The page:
"Using Autumn Hawk Watch to Track Raptor Migration and to Monitor Populations of North American Birds of Prey" - Article on Sharp Shinned migration decline - USDA Forest Service Gen. Tech. Rep. PSW-GTR-191. 2005
Demography and Populations -- Sharp-shinned Hawk -- Birds of North America Online at Cornell says:. (Requires subscription: $5/mo, $42/yr)
"Sharp-shinned hawks are the most difficult accipiter and among the most difficult birds to census in North America."
"Declines in counts at migration watchsites in e. North America from 1940s to early 1970s almost certainly due to widespread use of DDT."
"Declines in the 1980s and early 1990s initially were attributed to various factors acting singly or in concert: environmental contaminants (mainly organochlorines), migratory short-stopping, natural population cycles, depressed populations of Neotropical migratory prey species, and the aging of eastern forests. Recent analyses of concurrent Christmas Bird Count data from the region, however, have revealed significant increases in numbers of Sharp-shinned Hawks overwintering in areas north of the watchsites in question (i.e., e. Canada and the ne. U.S.), strongly suggesting that the declines are due to migratory short-stopping—perhaps the result of increased use of bird feeders as hunting habitat by sharp-shins—and not to an overall decline in eastern populations (Dunn and Tessaglia 1994, Duncan 1996, Viverette et al. 1996)."
Viverette, C. B., S. Struve, L. J. Goodrich, and K. L. Bildstein. 1996. Decreases in migrating Sharp-shinned Hawks at traditional raptor-migration watchsites in eastern North America. The Auk 113:32-40.
Conservation Status Report - Sharp-shinned Hawk, 2007 at HawkMountain.org states:
"From 1974 to 2004, migration counts declined a statistically
significant 1.1 % per year at Hawk Mountain Sanctuary, Pennsylvania and 4.5
% per year at Cape May Bird Observatory, New Jersey."
"The decline in
numbers at Cape May might indicate declined reproductive success, as most individuals
counted at Cape May Point are juveniles."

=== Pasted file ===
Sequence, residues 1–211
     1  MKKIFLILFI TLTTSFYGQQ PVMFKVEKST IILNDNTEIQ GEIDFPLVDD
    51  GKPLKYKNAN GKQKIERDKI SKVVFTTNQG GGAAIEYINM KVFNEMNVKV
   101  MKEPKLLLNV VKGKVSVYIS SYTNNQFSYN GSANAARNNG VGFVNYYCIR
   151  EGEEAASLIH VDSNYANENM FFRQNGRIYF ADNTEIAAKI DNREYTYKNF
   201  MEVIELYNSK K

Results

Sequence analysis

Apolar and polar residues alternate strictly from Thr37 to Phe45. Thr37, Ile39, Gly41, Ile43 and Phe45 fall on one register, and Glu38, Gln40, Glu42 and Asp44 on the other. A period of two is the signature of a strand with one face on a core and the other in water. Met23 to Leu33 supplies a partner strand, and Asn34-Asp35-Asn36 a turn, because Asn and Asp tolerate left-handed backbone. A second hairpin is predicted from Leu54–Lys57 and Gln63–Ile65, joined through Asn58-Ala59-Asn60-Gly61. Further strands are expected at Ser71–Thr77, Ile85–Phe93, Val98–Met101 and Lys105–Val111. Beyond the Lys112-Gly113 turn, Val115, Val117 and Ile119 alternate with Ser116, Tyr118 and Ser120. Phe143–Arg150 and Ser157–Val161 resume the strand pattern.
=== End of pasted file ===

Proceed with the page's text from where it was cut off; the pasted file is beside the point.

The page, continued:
"The discrepancy between migration
trends (lower) and those from CBCs (Christmas Bird Counts) (higher) may be due to migratory short-stopping."
Fall Raptor Migration over Lake Erie Metro Park (increasing)
State of the Birds - The 2009 Report from the Interior Dept. shows that Wetland birds are increasing while Grasland and Aridland birds are declining.
Saving Migratory Birds for Future Generations: The Success of the Neotropical Migratory Bird Conservation Act, Compiled by American Bird Conservancy, May 2009
A Feb. 2009 Audubon Society study found that more than half of 305 birds species in North America, a hodgepodge that includes robins, gulls, chickadees and owls, are spending the winter about 35 miles farther north than they did 40 years ago.
Over the 40 years covered by the study, the average January temperature in the United States climbed by about 5 degrees Fahrenheit, which they speculate may be the reason. (Hawks were not mentioned in the summary I saw.)
Potential Impacts of Global Climate Change on Bird Communities of the Southwest
by Charles van Riper III, Mark K. Sogge, and David W. Willey
Biological Resources Division
U.S. Geological Survey
Species mix Chimney Rock vs Cape May:
Buteos (Broad Winged hawks in particular) like to exploit updrafts off of ridges, hence the large numbers at Chimney Rock on the first range of the Watchung Mountains.
Falcons (Peregrine, Kestrel, Merlin) rely more on their own powers of flight and do not need mountain updrafts.
Accipiters (Sharp-shinned, Coopers Hawks, ...) and falcons tend to follow the shorelines, hence higher counts at Cape May.